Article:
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Again the Reading Period has been pronounced an official success, this time from the medical point of view. In support of the thesis that the health of the undergraduate body had been better during the pre-examination respite the Department of Hygiene cites the figures for excused absences during January and May 1928. Upper-classmen show the most remarkable improvement, while the first-year men, who come under the influence of the Reading Period only in exceptional cases, have been little less sickly than during the days before the innovation.
Certain other statistics hardly lead to such deductions. Reports of the Stillman Infirmary show no decline during these months; in fact the average during January 1929 was 52 men per day as contrasted with an average for all of last year of a little over 20. Dr. Worcester's figures for sickness are based entirely on the number of men excused by the medical authorities. His conclusion apparently overlooks the rather obvious fact that students will not come for excuses when they have no classes.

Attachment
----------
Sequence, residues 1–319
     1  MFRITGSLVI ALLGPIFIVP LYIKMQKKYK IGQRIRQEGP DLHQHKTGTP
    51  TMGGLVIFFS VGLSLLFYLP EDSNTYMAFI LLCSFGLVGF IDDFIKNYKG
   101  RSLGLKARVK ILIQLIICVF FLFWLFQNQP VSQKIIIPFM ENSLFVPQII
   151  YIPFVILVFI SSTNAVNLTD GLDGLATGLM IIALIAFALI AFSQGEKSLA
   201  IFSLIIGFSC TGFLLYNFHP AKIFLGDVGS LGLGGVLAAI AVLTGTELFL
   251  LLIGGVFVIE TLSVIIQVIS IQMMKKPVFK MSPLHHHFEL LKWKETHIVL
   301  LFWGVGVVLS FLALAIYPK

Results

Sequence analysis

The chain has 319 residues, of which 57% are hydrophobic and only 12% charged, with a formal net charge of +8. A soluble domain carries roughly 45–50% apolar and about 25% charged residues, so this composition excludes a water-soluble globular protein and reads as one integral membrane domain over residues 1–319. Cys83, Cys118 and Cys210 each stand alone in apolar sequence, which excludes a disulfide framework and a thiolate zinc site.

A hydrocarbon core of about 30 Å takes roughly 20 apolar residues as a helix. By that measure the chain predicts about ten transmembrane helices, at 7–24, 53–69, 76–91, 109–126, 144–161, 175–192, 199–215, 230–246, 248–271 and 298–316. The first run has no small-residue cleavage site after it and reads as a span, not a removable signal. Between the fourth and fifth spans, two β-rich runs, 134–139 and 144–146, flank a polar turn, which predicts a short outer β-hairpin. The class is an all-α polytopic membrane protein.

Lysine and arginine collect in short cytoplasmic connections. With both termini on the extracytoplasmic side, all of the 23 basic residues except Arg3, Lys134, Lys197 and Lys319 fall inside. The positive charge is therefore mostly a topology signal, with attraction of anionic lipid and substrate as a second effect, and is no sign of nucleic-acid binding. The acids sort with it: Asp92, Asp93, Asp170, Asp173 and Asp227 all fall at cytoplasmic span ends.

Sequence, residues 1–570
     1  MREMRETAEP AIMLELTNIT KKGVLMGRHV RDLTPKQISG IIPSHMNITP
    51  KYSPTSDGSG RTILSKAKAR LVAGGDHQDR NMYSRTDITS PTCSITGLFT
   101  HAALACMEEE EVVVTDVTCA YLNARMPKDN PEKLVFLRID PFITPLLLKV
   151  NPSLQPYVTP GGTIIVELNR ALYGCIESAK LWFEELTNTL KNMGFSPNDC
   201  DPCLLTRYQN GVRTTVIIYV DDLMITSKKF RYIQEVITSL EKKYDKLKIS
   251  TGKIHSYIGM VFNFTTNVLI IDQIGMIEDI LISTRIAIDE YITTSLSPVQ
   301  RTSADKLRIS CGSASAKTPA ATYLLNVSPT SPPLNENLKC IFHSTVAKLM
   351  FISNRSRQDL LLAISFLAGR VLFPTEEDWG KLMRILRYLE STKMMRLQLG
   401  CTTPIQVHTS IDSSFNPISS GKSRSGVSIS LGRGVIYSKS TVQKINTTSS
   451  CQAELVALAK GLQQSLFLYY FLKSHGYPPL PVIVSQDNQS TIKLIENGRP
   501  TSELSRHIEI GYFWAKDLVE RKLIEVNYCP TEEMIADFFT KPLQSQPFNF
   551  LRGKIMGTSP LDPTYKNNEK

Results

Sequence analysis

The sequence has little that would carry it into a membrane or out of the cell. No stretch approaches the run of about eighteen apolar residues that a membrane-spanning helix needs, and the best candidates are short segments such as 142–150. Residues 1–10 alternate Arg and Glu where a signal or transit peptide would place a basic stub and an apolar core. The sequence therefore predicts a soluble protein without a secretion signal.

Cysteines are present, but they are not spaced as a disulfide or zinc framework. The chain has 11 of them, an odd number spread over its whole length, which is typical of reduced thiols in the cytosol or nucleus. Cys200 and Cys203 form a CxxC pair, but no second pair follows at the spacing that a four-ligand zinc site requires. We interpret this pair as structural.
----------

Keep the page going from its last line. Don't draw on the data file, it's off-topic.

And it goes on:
In spite of its drawbacks the Reading Period has probably been of benefit to student scholarship in many respects. Nevertheless there is no justification for construing all statistics into a blanket endorsement. The report has no weight in estimating the value of the Reading Period, since it says no more than that when classes are few excuses are few. Such obvious attempts at whitewash can hardly do more than prejudice an innovation which deserves careful study during a period of experimentation.
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